Getting Friendly With The Locals
One of the great things about this tour was that we had a few days to enjoy Cappadocia, rather than only be here for a day or so. So we had another full day to soak up the amazing landscape. And what better way to do that than hike through some of the valleys?
Sadly, Kate wasn’t feeling the best, so while she got some much needed rest, I went out with the rest of the group to hike for a few hours through the Red Valley. We started out on top of a big ridge, and made our way down into the valley. As we walked we would get awesome views at every point and the urge to stop and take photos was high. It had a similar feel to the Grand Canyon in a way and a few people remarked this as we hiked.
We stopped for a breather and a group photo of the group. By this point we were all still full of energy, but for some that disappeared as we made our way up the other side of the valley.
By this point too it was starting to get pretty warm. 1.5lt of water disappeared with ease as the sun beat down. But it was still incredible to be wandering through such an amazing place.
We finished up about lunchtime and took a quick freshen up break at the hotel, grabbed Kate, and it was off to another of the local artisans, this time a pottery master. The local area was great for clay and in the area remained a small number of pottery masters. Our host gave us a demo of some pottery making, but the best bit was getting some of our crew up to make some masterpieces. Kate was up for the challenge!
She did the crew proud, crafting up a magnificent sugar bowl with a lid that fit perfectly. She certainly showed that maybe there is a little bit of pottery mastery in there! Unfortunately we wouldn’t be able to get it fired and take it home, but that was cool.
We got to check out his wares and pick up some pressies before we left. It’s always cool to support some of the locals rather than all the generic tourist shops you see everywhere.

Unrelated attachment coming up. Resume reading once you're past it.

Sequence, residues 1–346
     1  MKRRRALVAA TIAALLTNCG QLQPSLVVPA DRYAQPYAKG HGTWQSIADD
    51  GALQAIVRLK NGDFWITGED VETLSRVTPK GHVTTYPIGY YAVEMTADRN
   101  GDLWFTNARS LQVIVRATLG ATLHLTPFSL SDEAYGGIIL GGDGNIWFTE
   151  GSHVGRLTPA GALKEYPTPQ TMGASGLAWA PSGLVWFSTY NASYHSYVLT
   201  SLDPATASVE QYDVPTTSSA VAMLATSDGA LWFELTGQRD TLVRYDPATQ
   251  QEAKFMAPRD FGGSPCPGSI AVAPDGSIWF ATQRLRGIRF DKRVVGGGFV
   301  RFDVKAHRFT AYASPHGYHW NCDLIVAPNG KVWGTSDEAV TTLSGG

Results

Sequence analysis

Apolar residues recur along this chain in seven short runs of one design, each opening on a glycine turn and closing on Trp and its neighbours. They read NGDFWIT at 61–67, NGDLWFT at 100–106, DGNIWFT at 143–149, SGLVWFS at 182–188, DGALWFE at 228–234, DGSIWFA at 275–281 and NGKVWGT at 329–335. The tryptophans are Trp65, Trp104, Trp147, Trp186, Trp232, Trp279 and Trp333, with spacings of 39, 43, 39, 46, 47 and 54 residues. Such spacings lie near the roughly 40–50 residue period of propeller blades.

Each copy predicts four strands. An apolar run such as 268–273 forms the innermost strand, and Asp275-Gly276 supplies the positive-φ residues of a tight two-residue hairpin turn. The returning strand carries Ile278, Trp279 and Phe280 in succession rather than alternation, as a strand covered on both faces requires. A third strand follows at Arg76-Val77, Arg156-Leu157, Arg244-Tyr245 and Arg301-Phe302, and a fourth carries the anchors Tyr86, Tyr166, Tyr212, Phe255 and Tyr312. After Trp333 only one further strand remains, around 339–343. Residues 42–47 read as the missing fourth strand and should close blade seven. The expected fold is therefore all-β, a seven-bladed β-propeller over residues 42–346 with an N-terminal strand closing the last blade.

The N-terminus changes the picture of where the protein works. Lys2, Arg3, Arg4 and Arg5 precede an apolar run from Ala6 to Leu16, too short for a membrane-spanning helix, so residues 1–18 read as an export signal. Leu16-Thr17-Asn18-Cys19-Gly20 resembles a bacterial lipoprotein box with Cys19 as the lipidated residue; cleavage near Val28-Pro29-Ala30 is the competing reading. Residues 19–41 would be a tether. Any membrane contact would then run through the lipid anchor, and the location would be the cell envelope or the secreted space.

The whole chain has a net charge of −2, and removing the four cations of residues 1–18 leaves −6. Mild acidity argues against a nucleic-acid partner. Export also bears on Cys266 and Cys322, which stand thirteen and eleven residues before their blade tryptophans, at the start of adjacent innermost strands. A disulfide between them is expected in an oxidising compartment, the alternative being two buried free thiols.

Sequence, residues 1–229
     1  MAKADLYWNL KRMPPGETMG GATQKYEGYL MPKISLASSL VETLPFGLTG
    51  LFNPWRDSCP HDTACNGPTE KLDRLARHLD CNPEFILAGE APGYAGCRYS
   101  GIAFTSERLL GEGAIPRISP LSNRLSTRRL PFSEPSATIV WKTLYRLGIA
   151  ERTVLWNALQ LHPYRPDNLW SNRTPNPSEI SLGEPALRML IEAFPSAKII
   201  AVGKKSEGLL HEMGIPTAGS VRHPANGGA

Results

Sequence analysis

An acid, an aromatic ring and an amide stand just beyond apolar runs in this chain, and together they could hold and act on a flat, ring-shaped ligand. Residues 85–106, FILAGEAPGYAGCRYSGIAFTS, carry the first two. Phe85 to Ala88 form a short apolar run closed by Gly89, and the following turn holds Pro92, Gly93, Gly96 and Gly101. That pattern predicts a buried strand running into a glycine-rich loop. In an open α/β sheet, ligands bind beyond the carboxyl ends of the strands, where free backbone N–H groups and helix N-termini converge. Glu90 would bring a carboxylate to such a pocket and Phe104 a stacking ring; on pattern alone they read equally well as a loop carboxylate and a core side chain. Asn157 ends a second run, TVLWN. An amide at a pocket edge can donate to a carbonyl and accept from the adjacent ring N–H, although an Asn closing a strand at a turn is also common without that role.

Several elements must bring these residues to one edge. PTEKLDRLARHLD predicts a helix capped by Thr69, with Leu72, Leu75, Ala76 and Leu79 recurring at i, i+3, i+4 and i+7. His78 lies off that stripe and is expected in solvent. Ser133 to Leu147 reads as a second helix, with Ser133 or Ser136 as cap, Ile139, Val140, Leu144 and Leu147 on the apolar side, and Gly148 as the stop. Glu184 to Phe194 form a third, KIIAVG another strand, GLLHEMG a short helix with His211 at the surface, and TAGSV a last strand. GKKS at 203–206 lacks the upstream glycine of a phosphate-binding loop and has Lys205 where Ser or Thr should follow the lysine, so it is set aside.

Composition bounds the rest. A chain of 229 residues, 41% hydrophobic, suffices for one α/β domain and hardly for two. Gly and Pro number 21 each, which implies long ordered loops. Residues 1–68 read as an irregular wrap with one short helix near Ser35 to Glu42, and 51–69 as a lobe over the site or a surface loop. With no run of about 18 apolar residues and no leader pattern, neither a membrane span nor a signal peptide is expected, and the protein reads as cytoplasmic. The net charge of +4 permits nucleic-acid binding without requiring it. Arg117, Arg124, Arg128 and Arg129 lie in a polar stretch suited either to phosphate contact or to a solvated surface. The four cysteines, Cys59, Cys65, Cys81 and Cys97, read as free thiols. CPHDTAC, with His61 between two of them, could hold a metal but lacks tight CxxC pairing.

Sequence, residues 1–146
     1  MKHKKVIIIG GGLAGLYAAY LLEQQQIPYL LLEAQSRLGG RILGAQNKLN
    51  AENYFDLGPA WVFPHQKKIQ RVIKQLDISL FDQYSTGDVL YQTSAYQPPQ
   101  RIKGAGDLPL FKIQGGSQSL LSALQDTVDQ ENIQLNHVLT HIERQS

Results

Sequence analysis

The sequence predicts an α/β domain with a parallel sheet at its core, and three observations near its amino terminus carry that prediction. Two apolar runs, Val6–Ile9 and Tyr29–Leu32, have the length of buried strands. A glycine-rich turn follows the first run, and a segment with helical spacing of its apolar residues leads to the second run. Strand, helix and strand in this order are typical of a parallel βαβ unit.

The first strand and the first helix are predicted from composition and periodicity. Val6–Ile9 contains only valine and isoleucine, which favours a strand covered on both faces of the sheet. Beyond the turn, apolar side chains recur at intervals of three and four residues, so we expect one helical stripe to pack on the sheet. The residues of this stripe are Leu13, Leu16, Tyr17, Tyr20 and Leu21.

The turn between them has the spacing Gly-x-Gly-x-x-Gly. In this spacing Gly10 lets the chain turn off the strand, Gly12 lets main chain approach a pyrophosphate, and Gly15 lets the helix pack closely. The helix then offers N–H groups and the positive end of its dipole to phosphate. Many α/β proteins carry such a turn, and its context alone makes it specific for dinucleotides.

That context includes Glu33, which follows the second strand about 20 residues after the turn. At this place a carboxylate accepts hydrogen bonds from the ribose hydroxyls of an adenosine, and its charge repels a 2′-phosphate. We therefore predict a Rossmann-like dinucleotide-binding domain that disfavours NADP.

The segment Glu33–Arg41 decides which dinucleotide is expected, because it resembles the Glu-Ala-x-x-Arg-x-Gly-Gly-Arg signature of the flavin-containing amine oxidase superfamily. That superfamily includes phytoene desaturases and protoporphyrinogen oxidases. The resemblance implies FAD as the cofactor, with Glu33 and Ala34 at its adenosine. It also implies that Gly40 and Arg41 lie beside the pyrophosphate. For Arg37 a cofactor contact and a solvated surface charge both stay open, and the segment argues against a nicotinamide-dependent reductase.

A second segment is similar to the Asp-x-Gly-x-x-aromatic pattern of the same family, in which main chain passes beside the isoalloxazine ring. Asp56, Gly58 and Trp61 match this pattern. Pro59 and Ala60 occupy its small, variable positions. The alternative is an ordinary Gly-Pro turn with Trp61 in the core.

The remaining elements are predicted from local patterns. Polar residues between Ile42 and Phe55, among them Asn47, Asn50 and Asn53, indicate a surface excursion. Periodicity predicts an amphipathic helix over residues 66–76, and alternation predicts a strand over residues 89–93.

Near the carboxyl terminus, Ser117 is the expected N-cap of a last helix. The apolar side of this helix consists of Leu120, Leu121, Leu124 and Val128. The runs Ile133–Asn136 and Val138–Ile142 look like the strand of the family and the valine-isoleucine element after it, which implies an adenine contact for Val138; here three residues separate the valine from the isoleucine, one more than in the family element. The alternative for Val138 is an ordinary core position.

By this time, we were all after a bit of a breather, and what better way to do this than visit a Turkish Bath? The group seemed firmly split into two camps. The first was “you have to do what?!” and those that were “scrub down and massage? oh yeah!”. I was in the latter camp for sure. So off we went to a local Hamam for an authentic Turkish Bath experience.
Like a Japanese Onsen, it is a bit daunting at first. Not so much stripping down, but the formalities that go with it. There is a definite procedure to it that you need to follow to make sure you don’t upset the locals. First of all it was choosing your options. I elected to go for the traditional Turkish Bath plus a half hour massage. With that decided, it was off to the change rooms to strip right off except for the modest towel, and into the sauna. I love a good sauna and after 15 minutes was feeling great.
With that it is then off to the part most people have heard about… getting on a warm stone and having a dude wash and scrub you down plus a bubble massage. This is what turns most tourists off when they hear it, but it was fine by me. After a long hike and lots of bus travel and lugging backpacks around, it was just what I needed. I felt awesome afterward.
Once that ritual was done it was into the jacuzzi to relax for a while, and then out to chill out and drink some tea. After relaxing for a bit it was time for my massage. While it was a “Swedish” massage, it had a Turkish flavour in the olive oil was used throughout. I am pretty sure he knew my shoulders were cactus when he spent so much time trying to work the knots out. But man it was good.
I wandered out feeling a million bucks, as did Kate shortly afterward. We then just relaxed some more in a nice outdoor coffee house (Coffedocia… ha ha, I see what they did there) before we had our group dinner.
Now this was the fanciest of the lot during our trip, and a lot more touristy than anything else. But what we were off to was an all you can eat and drink with show evening. The show was to be traditional dancing and ceremony, while we ate and drank copious amounts. I started with some Rake, a traditional spirit that is much like Ouzo. It was OK, but not my preferred spirit of choice. I also indulged in some local red wine, which again was OK without being spectacular.
The show was probably what you would expect from a tourist venue. A very long mock wedding ceremony took place that involved lots of dancing, some beard shaving, ad even more dancing. It was fun and our whole group got in the spirit.
The lads especially seemed to love the belly dancer, while some of the ladies just rolled their eyes a little 🙂
A few hours disappeared quickly, and in the end it was just our group that was left dancing into the night. Kate and I called it quits at midnight and left some of the others to drink to the early hours. I figured I had done enough for the day.